"Then certain of the scribes, and of the Pharisees answered, saying, Master, we would see a sign from thee. But he answered and said unto them, An evil and adulterous generation seeketh after a sign; and there shall no sign be given to it, but the sign of the prophet Jonas: For as Jonas was three days and three nights in the whale’s belly; so shall the Son of man be three days and three nights in the heart of the earth" (Mt. 12:38-40).

"From that time forth began Jesus to shew unto his disciples, how that he must go unto Jerusalem, and suffer many things of the elders and chief priests and scribes, and be killed, and be raised again the third day" (Mt. 16:21).

"Then came the disciples to Jesus apart, and said, Why could not we cast him out? And while they abode in Galilee, Jesus said unto them, The Son of man shall be betrayed into the hands of men: and they shall kill him, and the third day he shall be raised again. And they were exceeding sorry" (Mt. 17:19, 22, 23).

"Behold, we go up to Jerusalem; and the Son of man shall be betrayed unto the chief priests and unto the scribes, and they shall condemn him to death, and shall deliver him to the Gentiles to mock, and to scourge, and to crucify him: and the third day he shall rise again" (Mt. 20:18, 19).

"But after I am risen again, I will go before you into Galilee" (Mt. 26:32).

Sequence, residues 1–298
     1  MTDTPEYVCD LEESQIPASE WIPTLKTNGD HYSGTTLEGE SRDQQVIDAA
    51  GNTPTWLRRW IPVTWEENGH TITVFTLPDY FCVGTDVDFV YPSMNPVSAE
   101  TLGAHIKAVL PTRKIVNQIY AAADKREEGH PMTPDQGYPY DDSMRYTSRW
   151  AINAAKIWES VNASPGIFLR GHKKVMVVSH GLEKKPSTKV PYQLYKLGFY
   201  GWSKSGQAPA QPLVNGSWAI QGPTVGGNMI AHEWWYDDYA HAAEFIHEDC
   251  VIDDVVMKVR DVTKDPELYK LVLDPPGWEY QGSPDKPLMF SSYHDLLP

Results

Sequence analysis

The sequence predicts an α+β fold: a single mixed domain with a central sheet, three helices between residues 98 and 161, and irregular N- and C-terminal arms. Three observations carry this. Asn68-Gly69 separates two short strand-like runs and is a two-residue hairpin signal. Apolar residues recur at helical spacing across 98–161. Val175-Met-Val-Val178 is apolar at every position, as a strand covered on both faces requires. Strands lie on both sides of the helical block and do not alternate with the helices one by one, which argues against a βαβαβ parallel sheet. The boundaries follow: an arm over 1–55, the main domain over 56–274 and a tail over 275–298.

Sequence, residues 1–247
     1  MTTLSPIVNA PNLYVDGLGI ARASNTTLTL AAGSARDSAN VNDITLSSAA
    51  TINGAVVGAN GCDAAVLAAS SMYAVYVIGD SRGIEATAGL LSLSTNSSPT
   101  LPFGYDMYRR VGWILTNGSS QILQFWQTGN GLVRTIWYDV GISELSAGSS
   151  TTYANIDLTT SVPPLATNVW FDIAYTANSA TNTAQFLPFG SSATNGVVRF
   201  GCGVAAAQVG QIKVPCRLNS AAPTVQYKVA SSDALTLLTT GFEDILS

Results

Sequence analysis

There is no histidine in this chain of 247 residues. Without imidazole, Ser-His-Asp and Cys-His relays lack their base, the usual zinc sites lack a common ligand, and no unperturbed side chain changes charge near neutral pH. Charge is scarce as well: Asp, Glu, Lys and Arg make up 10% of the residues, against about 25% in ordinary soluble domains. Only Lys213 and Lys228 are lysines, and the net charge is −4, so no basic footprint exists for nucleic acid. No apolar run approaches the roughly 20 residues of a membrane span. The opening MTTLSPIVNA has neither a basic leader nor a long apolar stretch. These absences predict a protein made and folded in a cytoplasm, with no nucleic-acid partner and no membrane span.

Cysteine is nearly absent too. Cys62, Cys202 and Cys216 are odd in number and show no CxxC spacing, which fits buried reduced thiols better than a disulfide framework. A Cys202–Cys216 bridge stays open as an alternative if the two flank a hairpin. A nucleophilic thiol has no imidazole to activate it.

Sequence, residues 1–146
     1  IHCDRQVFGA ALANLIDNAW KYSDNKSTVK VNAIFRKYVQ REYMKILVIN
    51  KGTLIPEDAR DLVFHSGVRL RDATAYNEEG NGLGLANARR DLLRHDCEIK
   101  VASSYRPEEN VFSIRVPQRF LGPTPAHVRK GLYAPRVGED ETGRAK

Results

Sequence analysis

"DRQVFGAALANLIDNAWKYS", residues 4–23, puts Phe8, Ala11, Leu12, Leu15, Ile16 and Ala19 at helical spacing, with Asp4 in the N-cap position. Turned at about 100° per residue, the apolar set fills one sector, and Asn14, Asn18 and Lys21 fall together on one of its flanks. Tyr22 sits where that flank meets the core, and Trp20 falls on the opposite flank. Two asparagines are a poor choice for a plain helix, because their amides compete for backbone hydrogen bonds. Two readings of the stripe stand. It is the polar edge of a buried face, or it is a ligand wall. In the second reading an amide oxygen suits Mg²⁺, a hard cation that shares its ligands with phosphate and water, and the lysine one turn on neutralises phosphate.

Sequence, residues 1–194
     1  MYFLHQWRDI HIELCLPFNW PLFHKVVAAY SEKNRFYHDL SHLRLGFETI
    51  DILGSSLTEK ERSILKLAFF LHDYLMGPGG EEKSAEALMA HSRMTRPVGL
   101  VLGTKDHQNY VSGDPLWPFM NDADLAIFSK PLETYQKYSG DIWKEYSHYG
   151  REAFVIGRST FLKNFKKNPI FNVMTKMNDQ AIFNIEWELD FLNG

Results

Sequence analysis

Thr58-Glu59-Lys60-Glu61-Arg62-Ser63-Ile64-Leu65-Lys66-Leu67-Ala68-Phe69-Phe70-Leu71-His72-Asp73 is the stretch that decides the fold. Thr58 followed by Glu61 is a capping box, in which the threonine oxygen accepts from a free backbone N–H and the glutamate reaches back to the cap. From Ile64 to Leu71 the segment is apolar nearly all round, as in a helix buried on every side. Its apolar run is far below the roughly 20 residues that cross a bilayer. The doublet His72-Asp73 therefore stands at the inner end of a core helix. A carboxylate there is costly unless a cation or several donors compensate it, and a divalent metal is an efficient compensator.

"Saying, The Son of man must suffer many things, and be rejected of the elders and chief priests and scribes, and be slain, and be raised the third day" (Lk. 9:22).

"Then answered the Jews and said unto him, What sign showest thou unto us, seeing that thou doest these things? Jesus answered and said unto them, Destroy this temple, and in three days I will raise it up. Then said the Jews, Forty and six years was this temple in building, and wilt thou rear it up in three days? But he spake of the temple of his body. When therefore he was risen from the dead, his disciples remembered that he had said this unto them; and they believed the scripture, and the word which Jesus had said" (Jn. 2:18-22).

C. The resurrection—doubted by most. It is ironic and sad that the predicted resurrection of Christ was remembered only by his enemies, the Pharisees, and not by his friends.

"Now the next day, that followed the day of the preparation, the chief priests and Pharisees came together unto Pilate, saying, Sir, we remember that that deceiver said, while he was yet alive, After three days I will rise again. Command therefore that the sepulchre be made sure until the third day, lest his disciples come by night, and steal him away, and say unto the people, He is risen from the dead: so the last error shall be worse than the first" (Mt. 27:62-64).

So much for his enemies. But what about his friends?

1. The women did not remember (Mk. 16:1-3).

2. Mary Magdalene did not remember (Jn. 20:13).

3. Peter and John did not remember (Lk. 24:12; Jn. 20:9).

4. The apostles did not remember (Lk. 24:9-11).

5. The two disciples on the Emmaus Road did not remember (Lk. 24:13-31).

6. Thomas did not remember (Jn. 20:24-29).

Taken from: Willmington's Guide to the Bible  1981, 1984 by H. L. Willmington.